Severe wintry weather is forecast for the UK, with as much as 20cm (7.9in) of snow causing disruption in some parts by the weekend, the Met Office says.
Snow could make for hazardous road conditions
Snow is most likely in Scotland and eastern England but south-east England, north Wales, the Midlands and Northern Ireland may also be hit from Thursday.
Snow, sleet and hail is expected with gale force icy winds and wind chill temperatures as low as -10C (14F).
Snow in November is "unusual, but not unheard of", the Met Office says.
The forecast follows days of freezing conditions across the UK and warnings of hazardous driving conditions due to dense fog.
Spokesman John Hammond said the chance of seeing snow was greater further north and on higher ground, where, coupled with gale force or severe gale force icy winds, it was going to make for "an interesting end to the working week", with potentially dangerous conditions on the roads.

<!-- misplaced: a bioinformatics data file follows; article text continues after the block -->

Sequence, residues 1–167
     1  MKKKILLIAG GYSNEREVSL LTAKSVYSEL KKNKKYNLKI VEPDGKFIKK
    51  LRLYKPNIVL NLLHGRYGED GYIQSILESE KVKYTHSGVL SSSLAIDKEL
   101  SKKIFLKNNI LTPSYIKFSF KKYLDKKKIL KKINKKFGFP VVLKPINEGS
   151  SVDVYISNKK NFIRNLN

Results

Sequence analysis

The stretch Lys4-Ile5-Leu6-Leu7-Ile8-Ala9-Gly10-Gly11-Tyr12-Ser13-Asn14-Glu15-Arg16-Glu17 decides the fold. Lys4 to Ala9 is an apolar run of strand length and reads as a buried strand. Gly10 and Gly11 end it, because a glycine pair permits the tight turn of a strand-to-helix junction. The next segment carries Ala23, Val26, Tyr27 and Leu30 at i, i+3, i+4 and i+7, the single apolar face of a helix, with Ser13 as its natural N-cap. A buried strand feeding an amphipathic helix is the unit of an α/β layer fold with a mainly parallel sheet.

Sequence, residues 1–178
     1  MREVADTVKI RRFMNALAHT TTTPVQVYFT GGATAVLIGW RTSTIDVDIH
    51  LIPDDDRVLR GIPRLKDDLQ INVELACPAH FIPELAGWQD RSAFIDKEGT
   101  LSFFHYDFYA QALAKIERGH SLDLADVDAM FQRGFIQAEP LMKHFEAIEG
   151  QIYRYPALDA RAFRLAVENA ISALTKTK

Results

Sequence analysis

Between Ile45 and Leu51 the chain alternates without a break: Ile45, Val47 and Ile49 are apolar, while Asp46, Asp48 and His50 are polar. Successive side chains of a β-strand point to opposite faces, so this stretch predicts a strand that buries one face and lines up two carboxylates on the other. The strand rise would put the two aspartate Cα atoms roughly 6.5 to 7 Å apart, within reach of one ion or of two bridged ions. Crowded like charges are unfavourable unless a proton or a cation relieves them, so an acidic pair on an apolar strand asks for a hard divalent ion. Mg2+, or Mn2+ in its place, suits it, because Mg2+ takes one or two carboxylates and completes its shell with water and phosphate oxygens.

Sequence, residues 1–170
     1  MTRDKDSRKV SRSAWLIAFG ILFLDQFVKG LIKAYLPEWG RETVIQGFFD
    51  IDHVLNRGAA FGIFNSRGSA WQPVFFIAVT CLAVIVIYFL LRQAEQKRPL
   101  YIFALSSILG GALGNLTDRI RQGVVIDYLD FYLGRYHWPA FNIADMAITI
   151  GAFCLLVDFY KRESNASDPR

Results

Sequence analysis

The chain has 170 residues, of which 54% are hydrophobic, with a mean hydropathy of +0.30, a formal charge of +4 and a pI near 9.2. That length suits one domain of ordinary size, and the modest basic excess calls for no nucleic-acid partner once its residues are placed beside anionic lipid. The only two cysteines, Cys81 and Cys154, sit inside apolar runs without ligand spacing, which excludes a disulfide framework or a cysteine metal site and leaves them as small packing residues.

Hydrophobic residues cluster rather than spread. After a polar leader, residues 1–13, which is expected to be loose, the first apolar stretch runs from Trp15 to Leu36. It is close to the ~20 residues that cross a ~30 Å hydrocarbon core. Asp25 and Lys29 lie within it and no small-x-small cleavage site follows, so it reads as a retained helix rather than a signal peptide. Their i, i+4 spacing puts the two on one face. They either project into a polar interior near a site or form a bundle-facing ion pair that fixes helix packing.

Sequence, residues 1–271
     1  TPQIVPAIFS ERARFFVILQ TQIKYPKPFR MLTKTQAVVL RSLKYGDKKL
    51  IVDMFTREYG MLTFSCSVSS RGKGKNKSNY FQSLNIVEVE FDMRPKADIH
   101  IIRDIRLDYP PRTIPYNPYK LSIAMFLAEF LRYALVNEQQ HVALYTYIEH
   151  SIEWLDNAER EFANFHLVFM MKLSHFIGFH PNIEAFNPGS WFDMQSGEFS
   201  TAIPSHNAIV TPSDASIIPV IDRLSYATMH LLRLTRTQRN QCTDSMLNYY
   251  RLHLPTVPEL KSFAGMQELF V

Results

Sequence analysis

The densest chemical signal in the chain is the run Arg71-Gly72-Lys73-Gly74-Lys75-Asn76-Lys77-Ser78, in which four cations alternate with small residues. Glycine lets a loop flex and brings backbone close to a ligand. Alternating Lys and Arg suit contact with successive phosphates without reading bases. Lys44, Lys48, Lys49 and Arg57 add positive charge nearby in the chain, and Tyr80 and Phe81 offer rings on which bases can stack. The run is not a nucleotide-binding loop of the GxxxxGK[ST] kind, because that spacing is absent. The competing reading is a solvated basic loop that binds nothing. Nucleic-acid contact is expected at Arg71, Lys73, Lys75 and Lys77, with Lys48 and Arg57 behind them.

But even on lower ground, several centimetres of snow could fall and nowhere in the UK was "immune" between Thursday and Saturday.
Daytime temperatures are expected to be around 2C (36F) to 4C (39F), dropping below freezing at night.
The cold weather is being brought by an icy blast from the Arctic which will sweep south on Thursday, bringing rain, sleet, hail and snow first to Scotland and then to the rest of the country.
The Met Office is predicting a colder and drier than average winter for the UK with more frequent cold snaps.
But Mr Hammond said it was too early to tell whether this week's weather was the start of a severe winter.
He said: "It's been feeling cooler in the last few days because we started November with above average temperatures and it has now dropped to something closer to normal."
The last time winter temperatures dropped below the UK average was 10 years ago in 1995/6.